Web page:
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Can Donald Trump Even Legally 'Send In The Feds' To Chicago?

By Stephen Gossett in News on Jan 25, 2017 6:24PM

Getty Images / Photo: Pool

When Donald Trump threatened on Tuesday night to "send in the feds" to fix Chicago's violent crime "carnage" problem, it begged a couple of questions: 1) Can he do that? and 2) Can he do what exactly?

The most alarming interpretation would be the National Guard, but what about a less severe deployment of federal agencies, perhaps institutions like the Federal Bureau of Investigation or the Bureau of Alcohol, Tobacco, Firearms and Explosives? To some degree that could happen, at least in in terms of targeting tangential issues, like drug and gun trafficking. But it certainly could not come from a top-down mandate without the request of local governments.

"It's important we recognize the limitations of law enforcement operations," Arthur Lurigio, a criminologist and professor at Loyola University Chicago, told Chicagoist. For those federal organizations to come in, there must be evidence that a federal crime is in progress, Lurigio explained. "The federal government does not enforce state laws," he said. Homicides just generally don't fit the bill.

When federal agencies come in to assist local law enforcement, they often do so as a task force, and they provide resources on cases in which—and this is key—state boundaries have been crossed. A common example is drug trafficking, and sometimes, if applicable, gangs.

"Most drugs in Chicago come across the border of Illinois, so of course, call in the Drug Enforcement Agency" for applicable sting operations, Lurigio said.

But Chicago's homicide and gang violence problems don't really meet the border-crossing criteria that would be needed to bring in the FBI. In the past, the FBI was brought in to target organized crime, under the RICO statue, since those enterprises could be characterized as criminal conspiracies that crossed state boundaries. But that's not the case with today's gangs,

"They're scattered set, quite disorganized—which accounts for nature and motivations of homicides in Chicago. We don’t have big gang enterprises as we did through the 1990s," Lurigio said.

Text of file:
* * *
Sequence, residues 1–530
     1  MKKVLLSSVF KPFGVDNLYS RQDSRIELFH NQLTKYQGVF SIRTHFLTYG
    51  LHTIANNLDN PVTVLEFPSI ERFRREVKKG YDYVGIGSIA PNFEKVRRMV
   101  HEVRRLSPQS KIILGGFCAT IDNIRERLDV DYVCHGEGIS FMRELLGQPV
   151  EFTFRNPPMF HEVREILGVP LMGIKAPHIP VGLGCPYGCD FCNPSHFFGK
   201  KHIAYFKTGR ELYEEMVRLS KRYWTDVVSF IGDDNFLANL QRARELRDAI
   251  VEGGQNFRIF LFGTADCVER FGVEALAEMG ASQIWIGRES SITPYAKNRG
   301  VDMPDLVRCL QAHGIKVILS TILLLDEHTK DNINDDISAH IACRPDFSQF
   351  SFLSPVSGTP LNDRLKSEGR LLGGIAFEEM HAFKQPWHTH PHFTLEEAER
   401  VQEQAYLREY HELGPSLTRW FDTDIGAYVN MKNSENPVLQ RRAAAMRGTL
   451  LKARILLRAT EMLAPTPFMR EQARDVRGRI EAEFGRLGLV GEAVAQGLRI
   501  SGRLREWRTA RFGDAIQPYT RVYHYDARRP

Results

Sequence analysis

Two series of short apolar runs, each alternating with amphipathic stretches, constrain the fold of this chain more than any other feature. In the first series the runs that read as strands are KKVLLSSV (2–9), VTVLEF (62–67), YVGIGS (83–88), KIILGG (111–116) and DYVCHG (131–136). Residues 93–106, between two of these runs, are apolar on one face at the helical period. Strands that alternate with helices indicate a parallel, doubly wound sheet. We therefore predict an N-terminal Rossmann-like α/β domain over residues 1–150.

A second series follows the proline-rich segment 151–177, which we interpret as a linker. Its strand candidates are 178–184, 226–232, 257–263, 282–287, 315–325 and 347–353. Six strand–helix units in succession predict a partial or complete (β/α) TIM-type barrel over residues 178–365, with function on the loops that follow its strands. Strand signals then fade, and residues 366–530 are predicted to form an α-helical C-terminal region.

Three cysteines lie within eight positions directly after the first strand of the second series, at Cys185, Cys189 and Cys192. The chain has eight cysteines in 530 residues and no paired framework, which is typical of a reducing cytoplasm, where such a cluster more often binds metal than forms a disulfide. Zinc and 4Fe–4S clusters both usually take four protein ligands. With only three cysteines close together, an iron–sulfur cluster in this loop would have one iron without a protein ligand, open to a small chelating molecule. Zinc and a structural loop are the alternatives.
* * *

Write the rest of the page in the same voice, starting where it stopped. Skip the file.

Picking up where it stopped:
"If somebody shoots somebody, it's the Cook County State's Attorney's business. The FBI wouldn’t be called in. What business would they have? That doesn't break a federal statue," Lurigio added.

Gun trafficking, which is common across the border from Indiana to Illinois, could be a good point of entry for the feds, however. It would be "perfectly reasonable, and could be highly effective, if we had federal resources to stop illegal guns from getting across borders into hands of shooters," Lurigio said.

But all applicable federal assistance would have to be requested, not mandated.“I can't think of a precedent of a president imposing federal resources,” Lurigio said.

Beyond the role of federal agencies, Chicago' violent crime problem needs to be reframed a s public health and police effectiveness issue. Blighted, underinvested neighborhoods and the Chicago Police Department's low murder clearance rate (26 percent last year, according to the Murder Accountability Project) are among the largest factors, neither of which get enough mention, according to Lurigio. Like many others, Lurigio found the president's "feds" call to be more of a retaliation against Rahm for chastising him about crowd-size obsession than a good-faith effort to curb violence.

Clarification is key, too. "I want to know specifically what Mr. Trump is envisioning. I would like him to be very specific. Because we can't just transplant FBI agents into the city to enforce laws," Lurigio said.